Other sixties toys and games featured in commercials included Barbie and Twister. Somehow, I never got caught up in the whole Barbie craze, probably because by the time Barbie was first manufactured, at the beginning of 1959, I was through playing with dolls. Even if I hadn’t been, I’m not sure I would have joined the legions of young Barbie fans who wanted to look and dress like her. If you’re not familiar with the doll’s look, think Ivanka Trump, with her long blonde tresses, tiny waist accentuated by broad shoulders, willowy build, fair skin, perfectly chiseled facial features, and designer wardrobe, and what you’ve got is Barbie, the fashion-show-runaway doll.
In one television commercial, you see young, pigtailed girls around the age of 7 or 8 fussing over Barbie, who is wearing a bridal gown (the counterculture emphasis on free love and communal living had not yet messed with young girls’ dreams of growing up to become wives and mothers). Others girls in the commercial prance their sheekly dressed Barbie clones across a table in their make-believe social scenario when one of the girls asks, “What do you like best about Barbie?” Another answers, “It’s the wardrobe.” Still another, younger-sounding girl, probably without the noun “wardrobe” in her vocabulary, answers, “She’s got some wonderful clothes.”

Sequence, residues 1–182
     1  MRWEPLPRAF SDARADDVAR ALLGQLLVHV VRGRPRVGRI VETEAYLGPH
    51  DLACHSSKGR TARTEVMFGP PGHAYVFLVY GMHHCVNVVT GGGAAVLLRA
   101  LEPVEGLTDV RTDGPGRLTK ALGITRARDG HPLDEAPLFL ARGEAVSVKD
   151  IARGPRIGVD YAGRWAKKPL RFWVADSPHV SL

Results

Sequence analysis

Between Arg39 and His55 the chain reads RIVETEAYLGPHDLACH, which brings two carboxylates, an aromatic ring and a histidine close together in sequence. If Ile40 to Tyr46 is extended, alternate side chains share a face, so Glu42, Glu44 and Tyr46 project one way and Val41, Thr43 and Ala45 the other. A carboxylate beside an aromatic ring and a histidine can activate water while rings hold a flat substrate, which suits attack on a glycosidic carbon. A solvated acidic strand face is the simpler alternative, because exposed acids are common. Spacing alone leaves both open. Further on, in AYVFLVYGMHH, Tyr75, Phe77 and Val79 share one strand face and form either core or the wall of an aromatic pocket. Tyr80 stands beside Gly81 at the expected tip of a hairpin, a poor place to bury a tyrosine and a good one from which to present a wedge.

Twister stepped into the entertainment scene a few years after Barbie, in 1966, and has been around ever since. The game is not just for girls, or boys. Adults can enjoy it too, that is, if they have the muscular flexibility of an octopus. The game goes something like this. A plastic sheet with rows of colored circles on it is placed on the floor. As a participant, you spin an arrow, then you place your foot or hand where the arrow indicates. If after the spin the arrow indicates “right foot blue,” you place your right foot on a blue circle. If the spin indicates “left hand red,” then you place … well, I think you get the picture.
So on and on it goes. Sounds easy enough, but there are usually other hands and feet blocking your access to the colored circle you need. In the television commercial, you see people contorting their bodies around other bodies. After awhile, the extended arms and legs resemble one of those old telephone switchboards you see in vintage Hollywood movies of the 1940s, where telephone chords are intertwined like a nest of snakes. Usually, though, at that point people fall down on top of each other and break out into laughter. I never played the game until the first decade of the new millennium, well past, shall we say, my flexible prime.
My students back then, bless their young little fourth- and fifth-grade supple limbs, had thrown me a surprise birthday party, and one of the games they had thought would be really cool to play with their teacher was Twister. So I played … until the point where I got stuck and needed assistance in becoming vertical again.